Over two round table sessions, we (a collection of clients and suppliers from a wide range of countries, including Japan and Tunisia) discussed the implications of AI on the evolution of research methods.
What might not change?
As part of assessing the evolution of research methods, we discussed things that are less likely to change in the near future. The key element that was felt to remain constant was anything where the human touch was at a premium. Examples included human interviews where empathy and depth were needed, working with clients to understand research and business questions, and utilising storytelling to communicate insights.
In terms of analysing qual, there could be a dichotomy between AI looking at large amounts of qualitative data (albeit shallowly) and deep human analysis, working with smaller amounts of qualitative data, probing for deeper truths. Things like human-based ethnography will still be needed.
If Generative AI stays very American, most cultural analysis will still need to be human-centric.
Some of the group reported using Generative AI to aid their brainstorming, concept designing, and questionnaire creation. Another aspect of research design will be using AI to test and evaluate questionnaires and discussion guides.
Smart data collection
Many clients use self-serve/DIY systems, which still require the user to design the right project, write a good questionnaire, select a suitable sample and conduct the analysis. AI will create smart DIY systems, co-creating the research, fielding the study, and conducting the basic analysis. This will make self-serve/DIY much safer and allow a wider range of people to conduct research without specialists and agencies.
AI allows more open-ended data, images, and videos to be processed. This suggests more qual data will be collected. This change creates a shift from focusing on what can be easily measured to what is likely to generate insights. This increase in the amount of qual being conducted is already apparent in the 2023 ESOMAR Global Market Research Report.
The focus of synthetic data is faster and cheaper, which can widen the range of situations in which research is used. One of the questions we discussed related to how long synthetic data may stay ‘in date’. For something like virtual eye-tracking (which is based on typical human behaviour) the synthetic process might last years, but views about specific brands in the market might have a much shorter shelf life.
In markets where CAPI and CATI are still major factors, such as Tunisia, we can see synthetic data making a massive speed and cost difference – synthetic does not need to be only constructed from online data collection. Synthetic data approaches can be used to reduce the size of current questionnaires, collecting datasets with large amounts of missing data, which can be estimated.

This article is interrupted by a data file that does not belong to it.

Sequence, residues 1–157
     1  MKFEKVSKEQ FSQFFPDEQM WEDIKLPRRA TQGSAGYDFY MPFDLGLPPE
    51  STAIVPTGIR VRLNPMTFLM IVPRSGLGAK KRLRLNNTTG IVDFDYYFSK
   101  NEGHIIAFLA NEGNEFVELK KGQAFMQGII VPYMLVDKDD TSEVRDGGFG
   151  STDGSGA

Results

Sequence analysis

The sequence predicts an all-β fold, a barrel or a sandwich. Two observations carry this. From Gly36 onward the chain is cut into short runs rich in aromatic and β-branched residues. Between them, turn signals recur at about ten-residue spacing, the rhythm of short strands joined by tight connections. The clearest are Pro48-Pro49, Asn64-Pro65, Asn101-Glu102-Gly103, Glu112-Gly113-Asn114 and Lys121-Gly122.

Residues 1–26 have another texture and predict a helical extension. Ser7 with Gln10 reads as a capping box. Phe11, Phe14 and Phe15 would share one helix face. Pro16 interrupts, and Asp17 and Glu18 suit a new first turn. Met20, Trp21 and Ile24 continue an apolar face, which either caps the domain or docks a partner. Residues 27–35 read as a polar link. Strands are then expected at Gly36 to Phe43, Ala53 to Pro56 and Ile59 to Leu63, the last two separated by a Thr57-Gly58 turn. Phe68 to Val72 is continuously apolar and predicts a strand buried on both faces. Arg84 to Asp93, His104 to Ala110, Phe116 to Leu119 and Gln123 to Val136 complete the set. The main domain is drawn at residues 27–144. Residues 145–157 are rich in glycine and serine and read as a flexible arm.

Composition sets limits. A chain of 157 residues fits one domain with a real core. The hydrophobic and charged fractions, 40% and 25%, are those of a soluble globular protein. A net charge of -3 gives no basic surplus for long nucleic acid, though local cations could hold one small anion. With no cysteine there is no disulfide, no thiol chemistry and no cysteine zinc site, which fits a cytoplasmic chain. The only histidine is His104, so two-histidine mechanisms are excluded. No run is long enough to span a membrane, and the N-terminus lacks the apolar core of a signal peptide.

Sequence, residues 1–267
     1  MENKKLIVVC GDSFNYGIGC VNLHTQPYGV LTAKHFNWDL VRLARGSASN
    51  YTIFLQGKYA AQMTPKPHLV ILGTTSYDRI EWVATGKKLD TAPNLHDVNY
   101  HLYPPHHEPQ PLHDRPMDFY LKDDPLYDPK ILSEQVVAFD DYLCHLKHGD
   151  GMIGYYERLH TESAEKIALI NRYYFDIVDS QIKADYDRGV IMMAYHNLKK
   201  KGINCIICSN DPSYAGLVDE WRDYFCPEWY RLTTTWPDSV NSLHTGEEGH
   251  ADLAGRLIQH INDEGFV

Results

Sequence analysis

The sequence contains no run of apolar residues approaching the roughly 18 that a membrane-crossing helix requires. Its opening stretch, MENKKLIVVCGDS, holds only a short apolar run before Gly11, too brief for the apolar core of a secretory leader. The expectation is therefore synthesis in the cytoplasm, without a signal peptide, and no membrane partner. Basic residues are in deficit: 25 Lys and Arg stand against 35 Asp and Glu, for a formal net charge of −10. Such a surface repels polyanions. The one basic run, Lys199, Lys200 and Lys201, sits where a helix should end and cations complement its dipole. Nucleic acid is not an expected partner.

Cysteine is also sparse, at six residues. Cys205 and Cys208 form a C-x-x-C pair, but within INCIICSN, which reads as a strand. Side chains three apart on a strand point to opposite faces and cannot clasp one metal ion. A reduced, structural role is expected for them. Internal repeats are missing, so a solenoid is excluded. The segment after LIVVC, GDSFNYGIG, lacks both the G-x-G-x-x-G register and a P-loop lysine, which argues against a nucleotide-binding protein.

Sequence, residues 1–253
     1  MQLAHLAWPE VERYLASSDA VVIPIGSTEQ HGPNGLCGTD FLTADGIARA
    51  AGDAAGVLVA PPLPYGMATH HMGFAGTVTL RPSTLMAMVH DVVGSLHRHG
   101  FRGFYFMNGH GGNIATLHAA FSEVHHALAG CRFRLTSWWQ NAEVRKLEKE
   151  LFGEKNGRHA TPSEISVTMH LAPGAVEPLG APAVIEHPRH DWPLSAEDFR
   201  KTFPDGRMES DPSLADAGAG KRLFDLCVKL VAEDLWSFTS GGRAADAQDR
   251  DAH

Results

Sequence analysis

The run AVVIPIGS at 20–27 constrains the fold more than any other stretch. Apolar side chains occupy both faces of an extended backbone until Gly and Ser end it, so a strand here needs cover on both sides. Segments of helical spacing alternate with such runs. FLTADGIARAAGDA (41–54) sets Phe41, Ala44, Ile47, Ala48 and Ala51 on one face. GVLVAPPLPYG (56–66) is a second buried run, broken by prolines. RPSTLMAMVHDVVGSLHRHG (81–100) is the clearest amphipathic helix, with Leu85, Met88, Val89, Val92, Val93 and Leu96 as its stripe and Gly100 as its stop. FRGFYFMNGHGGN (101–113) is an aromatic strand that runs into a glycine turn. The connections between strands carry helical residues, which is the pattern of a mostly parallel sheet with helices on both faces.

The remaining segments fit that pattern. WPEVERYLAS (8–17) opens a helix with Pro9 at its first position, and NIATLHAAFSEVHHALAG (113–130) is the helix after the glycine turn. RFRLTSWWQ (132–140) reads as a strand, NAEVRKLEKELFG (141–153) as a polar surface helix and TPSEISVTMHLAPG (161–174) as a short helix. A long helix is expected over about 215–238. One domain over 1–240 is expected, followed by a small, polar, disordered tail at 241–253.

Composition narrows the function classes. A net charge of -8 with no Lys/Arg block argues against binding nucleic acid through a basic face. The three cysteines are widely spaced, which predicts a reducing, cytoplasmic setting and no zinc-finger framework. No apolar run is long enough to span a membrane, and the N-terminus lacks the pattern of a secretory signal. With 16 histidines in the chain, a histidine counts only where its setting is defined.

AI can be the key to unlocking the data clients already have. The first level is using AI to combine and organise disparate data sets. Next, AI will allow the user to use natural language queries to search databases for information. If complete answers are not available, the system can then interpolate information.
In both sessions, we asked the members from the client side about the sorts of problems that current MR struggles to answer. The main answer was competitor analysis. What do their competitors' customers think, and how do they see the world? Could synthetic data be a partial answer to this need?
We see that Hollywood is using Generative AI to write screenplays and create virtual actors and voiceovers. Could this be used to create better debriefs, presentations, and ‘leave behinds’? Using AI to create predictive and prescriptive models would also be a great extension.
Changes to the Insights ecosystem
Smart DIY will increase the amount of insights conducted internally by clients. The increase in the use of internal insights is likely to be via managers, designers, etc, rather than by insight teams. It is unclear whether the key winners on the supplier side will be a) the large agencies, who can create large, global, AI-powered solutions, or b) small agencies focusing on consulting and leveraging AI to do the heavy lifting.
A future client scenario?
In a client meeting, somebody asks a question to the AI related to insights.
Step 1) Do we already know the answer?
Step 2) If we don't know the answer, can we interpolate it from the information we have?
Step 3) Can we use synthetic data to estimate an answer?
In all these scenarios, the team gets the answer in minutes. The AI then asks the team if they want to ‘validate’ the answer. If the team say yes to the validation, the AI writes a survey, fields it, analyses it, updates the database, and sends an update to the team; in this scenario, the validation might arrive, say, 48 hours afterwards.